French feminist Hélène Cixous once wrote that “the question of sexual difference is dealt with by coupling it with the opposition: activity/passivity.” She, along with many other feminists, has argued that binary opposites can be gendered. Activity, she says, can be seen as a male characteristic while passivity is relegated to females. In Dante Gabriel Rossetti’s poem, “Jenny,” such a gendered structure is demonstrated. The unnamed male speaker is awake, actively analyzing the sleeping and, therefore, seemingly passive Jenny, who is a nineteenth century sex trade worker. In the poem, Jenny’s body is treated as a form of currency, through which the insatiable desires of men are carried out. The sleeping prostitute is the perfect figure to apply Cixous’ “activity/passivity” dichotomy, as she raises issues of consumption, not to mention that of the ever-present male gaze. In feminist theory, the male gaze is described as asymmetrical, in the sense that there is not even distribution of power amongst men and women. If we apply this description to Rossetti’s “Jenny,” it is difficult to dispute it. Since Jenny is asleep, she is unable to return the gaze of the unnamed male, which not only leaves her vulnerable in a physical sense, but also in the way in which we perceive her. As readers, we only see things from the male perspective because Jenny is not conscious to give us her own. However, Jenny’s sleep presents the reader with a bizarre type of resistance to the male gaze, in which she cannot be defined because she cannot be known or understood, especially while asleep. By examining Dante Gabriel Rossetti’s “Jenny,” the literal and figurative components of the male gaze will demonstrate how men attempt to master women, but will also show how this particular attempt ultimately fails.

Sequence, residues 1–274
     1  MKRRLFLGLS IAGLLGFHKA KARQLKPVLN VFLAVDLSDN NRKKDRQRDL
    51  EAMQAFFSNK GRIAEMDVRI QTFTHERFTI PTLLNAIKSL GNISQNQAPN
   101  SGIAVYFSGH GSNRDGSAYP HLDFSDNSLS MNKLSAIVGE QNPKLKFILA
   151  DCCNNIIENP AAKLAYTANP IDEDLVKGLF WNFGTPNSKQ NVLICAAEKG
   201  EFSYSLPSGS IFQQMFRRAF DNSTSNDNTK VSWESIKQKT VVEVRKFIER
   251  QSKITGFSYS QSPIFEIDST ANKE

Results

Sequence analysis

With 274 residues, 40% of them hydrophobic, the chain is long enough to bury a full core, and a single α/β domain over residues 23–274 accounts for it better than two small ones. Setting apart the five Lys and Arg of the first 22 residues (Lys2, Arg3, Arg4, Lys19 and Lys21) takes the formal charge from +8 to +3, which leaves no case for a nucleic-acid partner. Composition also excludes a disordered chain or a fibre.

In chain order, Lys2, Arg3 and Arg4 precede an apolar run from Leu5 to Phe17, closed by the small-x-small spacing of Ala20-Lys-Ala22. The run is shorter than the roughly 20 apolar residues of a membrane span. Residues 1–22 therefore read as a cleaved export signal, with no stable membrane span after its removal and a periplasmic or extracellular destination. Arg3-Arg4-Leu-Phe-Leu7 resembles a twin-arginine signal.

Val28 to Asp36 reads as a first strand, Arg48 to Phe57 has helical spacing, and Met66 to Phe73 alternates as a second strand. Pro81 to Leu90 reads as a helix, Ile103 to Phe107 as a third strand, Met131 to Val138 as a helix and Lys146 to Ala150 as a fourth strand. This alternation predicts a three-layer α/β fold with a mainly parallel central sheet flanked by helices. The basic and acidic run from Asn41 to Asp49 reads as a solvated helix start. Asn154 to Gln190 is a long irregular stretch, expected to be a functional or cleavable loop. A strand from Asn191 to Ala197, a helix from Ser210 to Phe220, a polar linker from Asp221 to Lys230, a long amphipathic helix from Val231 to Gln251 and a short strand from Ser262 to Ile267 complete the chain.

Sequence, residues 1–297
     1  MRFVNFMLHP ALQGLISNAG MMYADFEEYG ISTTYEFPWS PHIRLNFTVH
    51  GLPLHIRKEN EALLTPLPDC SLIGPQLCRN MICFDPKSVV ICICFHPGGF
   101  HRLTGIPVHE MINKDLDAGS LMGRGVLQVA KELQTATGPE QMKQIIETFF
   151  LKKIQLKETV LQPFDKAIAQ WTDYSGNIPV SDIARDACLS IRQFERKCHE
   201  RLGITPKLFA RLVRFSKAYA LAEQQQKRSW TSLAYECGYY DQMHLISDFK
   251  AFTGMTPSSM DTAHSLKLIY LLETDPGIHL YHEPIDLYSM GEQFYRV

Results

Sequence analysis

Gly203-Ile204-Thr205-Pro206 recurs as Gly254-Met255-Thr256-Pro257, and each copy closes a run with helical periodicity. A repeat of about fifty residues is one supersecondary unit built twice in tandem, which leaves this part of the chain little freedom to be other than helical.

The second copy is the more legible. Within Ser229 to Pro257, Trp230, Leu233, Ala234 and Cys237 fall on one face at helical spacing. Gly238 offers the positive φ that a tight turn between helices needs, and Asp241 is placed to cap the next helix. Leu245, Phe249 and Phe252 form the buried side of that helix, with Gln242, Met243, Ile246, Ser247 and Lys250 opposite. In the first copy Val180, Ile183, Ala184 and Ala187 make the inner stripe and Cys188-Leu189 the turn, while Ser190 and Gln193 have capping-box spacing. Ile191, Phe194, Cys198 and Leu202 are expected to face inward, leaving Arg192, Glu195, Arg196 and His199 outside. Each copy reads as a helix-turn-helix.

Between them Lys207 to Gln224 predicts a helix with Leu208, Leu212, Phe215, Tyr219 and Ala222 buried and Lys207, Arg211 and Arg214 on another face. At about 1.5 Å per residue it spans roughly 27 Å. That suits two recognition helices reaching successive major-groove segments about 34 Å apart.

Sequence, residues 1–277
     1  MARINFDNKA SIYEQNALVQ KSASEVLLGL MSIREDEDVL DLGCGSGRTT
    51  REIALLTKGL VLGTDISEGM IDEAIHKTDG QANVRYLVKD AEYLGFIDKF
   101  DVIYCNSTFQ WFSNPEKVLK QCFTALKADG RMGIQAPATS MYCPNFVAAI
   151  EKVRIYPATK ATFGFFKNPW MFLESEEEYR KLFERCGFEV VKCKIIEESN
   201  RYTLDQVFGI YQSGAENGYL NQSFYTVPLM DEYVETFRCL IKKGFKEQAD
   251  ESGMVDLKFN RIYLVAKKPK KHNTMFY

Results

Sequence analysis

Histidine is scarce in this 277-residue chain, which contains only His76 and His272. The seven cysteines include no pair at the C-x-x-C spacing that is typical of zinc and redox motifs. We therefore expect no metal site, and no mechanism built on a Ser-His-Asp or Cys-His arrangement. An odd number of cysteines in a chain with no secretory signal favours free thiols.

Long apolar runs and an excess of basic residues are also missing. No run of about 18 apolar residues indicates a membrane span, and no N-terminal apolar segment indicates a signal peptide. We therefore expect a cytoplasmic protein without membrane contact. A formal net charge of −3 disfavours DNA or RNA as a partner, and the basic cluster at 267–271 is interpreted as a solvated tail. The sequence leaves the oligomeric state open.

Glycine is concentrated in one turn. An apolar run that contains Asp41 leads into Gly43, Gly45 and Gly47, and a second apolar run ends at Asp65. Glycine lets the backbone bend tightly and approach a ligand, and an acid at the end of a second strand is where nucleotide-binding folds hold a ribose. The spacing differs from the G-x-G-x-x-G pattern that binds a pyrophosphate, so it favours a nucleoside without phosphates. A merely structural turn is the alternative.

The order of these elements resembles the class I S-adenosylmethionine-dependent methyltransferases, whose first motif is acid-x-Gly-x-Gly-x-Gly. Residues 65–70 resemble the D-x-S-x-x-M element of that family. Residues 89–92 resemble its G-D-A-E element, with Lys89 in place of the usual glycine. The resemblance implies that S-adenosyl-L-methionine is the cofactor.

Just as Hélène Cixous argues, along the lines of dichotomies, “[t]he male sexual urge is thought of as active, aggressive, and spontaneous whilst female sexuality is defined in relation to the male, it is understood as weak, passive and responsive” (Nead 26). Right away, the figure of Jenny poses a threat to such distinct sexual categories, despite her state of unconsciousness for the duration of the poem, because she is a prostitute. Instead of passively awaiting the sexual desires of potential males, Jenny seeks them out herself, for her own means and ends. In her paper, “The Magdalen of Modern Times: The Mythology of the Fallen Woman in Pre-Raphaelite Painting,” Lynn Nead discusses the Victorian era as a time when sexuality was constantly being refined in order to accommodate acceptable modes of sexual behavior. She notes that there was a marked double standard amongst men and women, in which “sexual desire was regarded in the man as normal and unavoidable, but was seen in the woman as deviant and pathological” (26). Under these terms, Jenny, therefore, defies the cultural norm and resists being categorized, especially within the framework of Rossetti’s poem. Not only is she a prostitute, going against the cult of domesticity, but she is asleep. In “Jenny,” we do not see her fulfilling her sexual duties as a fallen woman or conforming to Victorian feminine ideals of the ‘angel in the house.’ By being asleep, Jenny resists the speaker’s ability to define and understand her, which is emphasized by his constant questioning. Throughout the poem, the speaker compares Jenny to an unreadable book. At Line 51, he says, “You know not what a book you seem, / Half-read by lightning in a dream! / How should you know, my Jenny?” The question can be interpreted in two ways. Either the speaker is saying that Jenny can not know, “what a book [she] seem[s]” because she is asleep, or he his wondering, himself, how he can possibly know her. As he relentlessly endeavours to “know” her, the speaker attempts to contrast Jenny with the ‘unfallen’ woman.